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Property investors holding homes in their superannuation should be aware that it’s about to become harder to pay off those properties in one hit.
As Smart Property Investment reported earlier this week, a new bill has been introduced to Parliament which, if passed, will change the way loans are repaid to properties held in superannuation.
The new rules explained
In effect, the laws propose that the outstanding balance of a loan for a self-managed super fund (SMSF) be added to a member’s total superannuation balance for certain individuals. That means if a fund holds a $100,000 loan, that $100,000 will be counted towards the maximum a person can hold in their super.
If a member has a total superannuation balance above $1.6 million, they can only contribute $25,000 a year as they will be restricted from making after-tax contributions. You can read more about the different types of superannuation contributions here.
This means that loans taken out for large values could tip an SMSF trustee over the $1.6 million cap, restricting their ability to pay back the loan.
What does this mean for my loan?
A leading technical expert has warned that trustees hoping to make large after-tax payments, referred to as non-concessional contributions will find the process significantly more difficult if the changes become law.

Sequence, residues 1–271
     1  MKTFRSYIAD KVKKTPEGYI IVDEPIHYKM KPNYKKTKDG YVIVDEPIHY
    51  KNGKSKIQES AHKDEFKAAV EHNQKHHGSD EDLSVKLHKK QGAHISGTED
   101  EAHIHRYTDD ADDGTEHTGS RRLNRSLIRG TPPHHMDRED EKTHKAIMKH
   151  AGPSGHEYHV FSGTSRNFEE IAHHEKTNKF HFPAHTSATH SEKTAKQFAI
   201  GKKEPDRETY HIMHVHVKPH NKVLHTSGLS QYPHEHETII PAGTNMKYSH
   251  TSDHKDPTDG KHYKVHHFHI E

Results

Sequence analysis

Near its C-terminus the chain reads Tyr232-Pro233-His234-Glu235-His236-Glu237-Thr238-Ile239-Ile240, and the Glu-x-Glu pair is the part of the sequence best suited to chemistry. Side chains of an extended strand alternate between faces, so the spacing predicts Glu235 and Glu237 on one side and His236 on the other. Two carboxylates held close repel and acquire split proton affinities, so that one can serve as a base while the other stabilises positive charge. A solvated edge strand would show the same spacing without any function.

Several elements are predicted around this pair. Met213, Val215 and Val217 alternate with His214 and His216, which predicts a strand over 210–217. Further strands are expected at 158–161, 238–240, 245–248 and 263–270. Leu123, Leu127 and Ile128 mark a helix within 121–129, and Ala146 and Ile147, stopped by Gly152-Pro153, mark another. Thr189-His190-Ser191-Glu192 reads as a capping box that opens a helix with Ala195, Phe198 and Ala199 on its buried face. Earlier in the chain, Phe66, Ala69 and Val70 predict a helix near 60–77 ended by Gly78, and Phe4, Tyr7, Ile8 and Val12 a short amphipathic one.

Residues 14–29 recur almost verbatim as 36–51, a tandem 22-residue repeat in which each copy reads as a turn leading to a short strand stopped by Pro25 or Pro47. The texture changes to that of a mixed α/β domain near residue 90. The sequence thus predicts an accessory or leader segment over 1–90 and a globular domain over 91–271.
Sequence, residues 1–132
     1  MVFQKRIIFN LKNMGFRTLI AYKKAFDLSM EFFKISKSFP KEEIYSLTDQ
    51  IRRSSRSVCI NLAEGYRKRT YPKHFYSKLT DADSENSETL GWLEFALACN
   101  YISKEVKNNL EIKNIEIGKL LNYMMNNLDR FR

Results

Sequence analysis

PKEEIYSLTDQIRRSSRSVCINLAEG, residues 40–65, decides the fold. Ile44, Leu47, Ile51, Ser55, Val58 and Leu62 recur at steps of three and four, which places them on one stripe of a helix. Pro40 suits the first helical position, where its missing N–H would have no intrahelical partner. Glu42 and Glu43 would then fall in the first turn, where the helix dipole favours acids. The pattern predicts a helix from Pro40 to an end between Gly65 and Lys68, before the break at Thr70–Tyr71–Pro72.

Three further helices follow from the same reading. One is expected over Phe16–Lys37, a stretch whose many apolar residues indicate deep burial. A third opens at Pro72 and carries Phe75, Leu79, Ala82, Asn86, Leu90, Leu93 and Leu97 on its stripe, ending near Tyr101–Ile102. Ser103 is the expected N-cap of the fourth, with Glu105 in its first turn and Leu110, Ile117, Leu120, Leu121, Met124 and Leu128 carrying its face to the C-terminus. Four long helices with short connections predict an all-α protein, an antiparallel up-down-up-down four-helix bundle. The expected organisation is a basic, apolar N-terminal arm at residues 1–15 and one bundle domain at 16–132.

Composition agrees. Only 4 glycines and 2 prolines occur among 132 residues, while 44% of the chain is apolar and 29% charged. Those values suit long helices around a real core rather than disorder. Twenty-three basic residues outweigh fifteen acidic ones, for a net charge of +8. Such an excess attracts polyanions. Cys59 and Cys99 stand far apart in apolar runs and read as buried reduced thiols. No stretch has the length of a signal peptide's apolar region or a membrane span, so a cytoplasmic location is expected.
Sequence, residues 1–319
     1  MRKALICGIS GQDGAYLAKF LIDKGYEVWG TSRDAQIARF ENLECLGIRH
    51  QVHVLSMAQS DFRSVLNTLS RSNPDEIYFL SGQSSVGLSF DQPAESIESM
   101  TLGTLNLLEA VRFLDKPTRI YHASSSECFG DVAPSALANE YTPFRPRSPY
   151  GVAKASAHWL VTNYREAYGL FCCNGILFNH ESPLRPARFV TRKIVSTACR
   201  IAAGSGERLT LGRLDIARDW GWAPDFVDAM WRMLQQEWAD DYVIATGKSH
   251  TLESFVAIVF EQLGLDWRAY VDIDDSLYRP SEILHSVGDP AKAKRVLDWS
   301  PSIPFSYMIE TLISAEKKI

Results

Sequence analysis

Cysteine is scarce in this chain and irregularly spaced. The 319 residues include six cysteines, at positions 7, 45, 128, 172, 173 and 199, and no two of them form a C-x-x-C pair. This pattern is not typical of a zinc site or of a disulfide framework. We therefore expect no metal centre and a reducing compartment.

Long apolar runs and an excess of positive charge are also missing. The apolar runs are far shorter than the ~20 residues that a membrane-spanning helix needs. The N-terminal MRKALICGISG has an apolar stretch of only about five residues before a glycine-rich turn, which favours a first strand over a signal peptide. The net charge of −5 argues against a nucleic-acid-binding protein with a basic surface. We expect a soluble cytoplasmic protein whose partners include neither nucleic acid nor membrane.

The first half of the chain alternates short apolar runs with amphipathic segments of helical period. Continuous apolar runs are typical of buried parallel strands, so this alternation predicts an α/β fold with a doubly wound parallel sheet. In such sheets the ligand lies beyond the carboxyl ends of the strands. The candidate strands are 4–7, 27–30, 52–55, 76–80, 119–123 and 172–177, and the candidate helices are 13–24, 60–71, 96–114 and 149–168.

MLC technical services manager Jenneke Mills explained that many holding property in superannuation will pay it out in a lump sum, which may throw individuals over their allowed cap, and then force a tax bill.
The big picture
Borrowing in superannuation has been permitted since 2007, and since then, federal governments past and present have tinkered with the rules and allowances.
This has triggered an outcry from property investors and the superannuation industry alike, given the uncertainty the constant changes trigger.
For example, Liz Westover, partner at accounting and advisory giant Deloitte, said a decisive stance on SMSF borrowing – even if it’s a ban – would be a better alternative to consistent adjustments to the rules.
“My view is that they need to decide whether they’re in or they’re out, and if they’re in, then let’s get some proper legislation around them and put the rules in place that actually make them practical for people to use,” Ms Westover said.
Further, as superannuation moneys aren’t allowed to be withdrawn from superannuation once they’re contributed towards a fund, any changes made after initial contribution can be retroactive in effect.
For more information about how the superannuation and tax laws apply to your property, click here.
Property refers to either a tangible or intangible item that an individual or business has legal rights or ownership of, such as houses, cars, stocks or bond certificates.